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All About Taxes in Mexico

Taxes in Mexico 2014What Taxes do Foreigners Pay in Mexico

There are a number of taxes in Mexico, some hidden, some not. Unless you enter the business world in Mexico, below are the most common tax issues you will encounter.

IVA (Sales Tax)

IVA  (16%) is a value added tax charged on ‘most’ goods and services. In theory it is supposed to be charged on ‘all’ goods and services. Normally (but not always) it is built into the price so you don’t even notice it. Larger stores and businesses will automatically include IVA on everything. However, some of the smaller ‘Mom and Pop’ shops do not. You’ll find out when you request a Factura, which is an official Tax Receipt. Often when asked for a Factura, they will tell you you will need to pay 16% more if you want a Factura as they have not factored it into the price. A number of these small time operations try to avoid paying taxes and don’t report everything to the government.

The underground economy in Mexico is still alive and well. However in recent years, the government is taking steps to ensure everyone pay their share of taxes.

Special Taxes

As of 2010, there is now a special tax on products and services; this covers certain internet and cable TV services, alcohol, cigarettes and gaming. Mexico is trying to catch up with the rest of the world. Darn!

Property Taxes

Most foreigners like to pay their property taxes. This is a municipal tax paid annually. It is based on the tax value of the property which is about 60% of the retail value. For a normal property they can range from $100 to $250 US. If paid in the first two months, you get a discount.

Income Tax

If you work in Mexico you will pay income tax. However, normally it is deducted at source from the employer and paid to SAT (known as Hacienda) – the Federal Tax Collection department. If you are an Independent Contractor vs Employee, then in this case you would pay your own taxes directly to the government. Having a good accountant is essential as the tax rules in Mexico can be a little convoluted (to say the least) and they can change with the wind.

Tax on Rental Income

The law says that you must pay tax on any income derived in Mexico, therefore if you rent out your house and collect revenue, you should be paying taxes (you can offset expenses). Americans can claim the tax paid in Mexico so they can avoid double taxation.

There are some options on how to calculate tax on rental income: (Source:

1. The blind deduction of 35% of total income, without deductions with tax of 35% paid on the remaining amount;

                2.  A 30% tax on income, less allowable deductions which include property tax, maintenance, interest on loans for construction expenses, insurance, salaries of employees and commissions paid to rental agents and property managers..

                3.   A 25% tax on the gross income, no deductions.

                Hacienda is paying more attention to internet advertising and is beginning to inquire into the income of those who are renting their homes.   It makes sense to become legal since penalties for non-compliance can be considerable.   Methods one and two above require the RFC (taxpayer identification number) which can be challenging for a foreigner to obtain.   Method three outlined above does not require residency or official status.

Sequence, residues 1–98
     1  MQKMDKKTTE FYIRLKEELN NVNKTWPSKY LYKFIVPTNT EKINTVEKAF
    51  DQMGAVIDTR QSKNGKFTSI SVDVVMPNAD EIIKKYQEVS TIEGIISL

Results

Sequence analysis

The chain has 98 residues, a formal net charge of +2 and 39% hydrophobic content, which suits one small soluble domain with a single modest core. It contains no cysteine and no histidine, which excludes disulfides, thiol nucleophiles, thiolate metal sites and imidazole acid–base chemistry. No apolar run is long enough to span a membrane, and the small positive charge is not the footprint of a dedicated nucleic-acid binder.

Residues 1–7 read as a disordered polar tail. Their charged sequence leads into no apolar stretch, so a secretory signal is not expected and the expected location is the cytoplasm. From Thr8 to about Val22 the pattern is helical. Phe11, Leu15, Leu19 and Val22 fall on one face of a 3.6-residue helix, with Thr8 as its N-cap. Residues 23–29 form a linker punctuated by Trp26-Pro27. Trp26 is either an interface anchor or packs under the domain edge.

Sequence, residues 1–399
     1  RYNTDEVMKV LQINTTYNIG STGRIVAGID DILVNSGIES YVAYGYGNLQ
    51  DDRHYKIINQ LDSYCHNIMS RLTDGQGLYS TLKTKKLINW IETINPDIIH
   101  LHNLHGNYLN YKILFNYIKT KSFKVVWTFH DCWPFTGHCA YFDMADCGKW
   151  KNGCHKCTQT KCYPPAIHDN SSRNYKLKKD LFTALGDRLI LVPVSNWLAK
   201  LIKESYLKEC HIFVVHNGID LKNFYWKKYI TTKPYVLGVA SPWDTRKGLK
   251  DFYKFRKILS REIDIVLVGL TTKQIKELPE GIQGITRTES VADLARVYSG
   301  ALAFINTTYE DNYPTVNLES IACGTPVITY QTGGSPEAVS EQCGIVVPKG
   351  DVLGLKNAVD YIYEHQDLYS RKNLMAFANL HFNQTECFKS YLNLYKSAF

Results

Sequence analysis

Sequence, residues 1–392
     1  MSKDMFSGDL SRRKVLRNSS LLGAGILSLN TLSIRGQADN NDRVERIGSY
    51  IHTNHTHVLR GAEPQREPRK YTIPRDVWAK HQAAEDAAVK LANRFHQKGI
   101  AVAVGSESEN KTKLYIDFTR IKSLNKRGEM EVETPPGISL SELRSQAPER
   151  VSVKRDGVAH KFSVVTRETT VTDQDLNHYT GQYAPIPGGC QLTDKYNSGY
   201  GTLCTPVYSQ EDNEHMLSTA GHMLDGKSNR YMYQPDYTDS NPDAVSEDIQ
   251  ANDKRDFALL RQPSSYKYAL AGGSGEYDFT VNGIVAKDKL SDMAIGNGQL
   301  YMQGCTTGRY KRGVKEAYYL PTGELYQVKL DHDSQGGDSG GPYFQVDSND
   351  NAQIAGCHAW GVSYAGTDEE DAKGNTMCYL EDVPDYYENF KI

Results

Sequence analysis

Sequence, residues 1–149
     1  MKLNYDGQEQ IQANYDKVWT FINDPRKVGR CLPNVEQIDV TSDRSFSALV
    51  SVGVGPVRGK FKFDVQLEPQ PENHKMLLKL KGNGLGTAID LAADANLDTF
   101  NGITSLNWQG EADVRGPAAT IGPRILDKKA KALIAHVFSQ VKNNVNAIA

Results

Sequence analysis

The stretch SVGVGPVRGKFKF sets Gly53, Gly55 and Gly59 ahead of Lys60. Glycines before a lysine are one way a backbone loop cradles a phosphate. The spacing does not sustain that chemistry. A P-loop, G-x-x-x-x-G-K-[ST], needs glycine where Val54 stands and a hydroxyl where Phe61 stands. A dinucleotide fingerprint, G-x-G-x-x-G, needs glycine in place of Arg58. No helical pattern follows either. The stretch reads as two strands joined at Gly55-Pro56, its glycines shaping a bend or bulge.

Tax on Sale of Primary Residence

You can sell one Primary Residence every five years and be exempt from the tax on the gain.

Tax on Cash

In an effort to tax the small Vendors in Mexico who work on the street and receive cash and do not report it, the government decided in 2009 to levy a 2% tax on any deposits in a given month over $25,000 pesos. With the recent new Tax Law, this 2% tax was eliminated. But now, banks receiving cash deposits of over $15,000 pesos in any one month are required to report it to Hacienda (SAT). They are also required to report any large credit card payments to SAT.

Hotel Tax

Often when you stay in a hotel at the beach in Mexico and they quote you a certain rate, when you go to check out you’ll find the amount charged is higher. Normally it is 15% tax plus 2% lodging tax. This applies all over Mexico with the exception of the State of Quintana Roo. There the tax is only 10% plus the 2% lodging tax. So if you go to Cancun one year and then Puerta Vallarta the next year and notice the tax is different, don’t be surprised. They are not trying to rip you off; they simply have different rules.

Mexican Tax Treaties with the United States and Canada

Foreigners are not taxed on money they bring into Mexico. However, recently there has been some sharing of information between the three NAFTA countries, which may require you to be more diligent in your reporting of investment income in Mexico and property purchases or rental income.

The United States is much more strict than Canada and levies very serious fines and even jail time, when this requirement is not met. For instance, if you have over $10,000 US any one month in ‘all’ your foreign bank accounts outside of the U.S. you must declare this or you can be charged a fine from $10,000 to $50,000 US per account over, and possible jail time. It appears they are very serious about American citizens paying their worldwide taxes. So if you want to sleep nights, best to declare.


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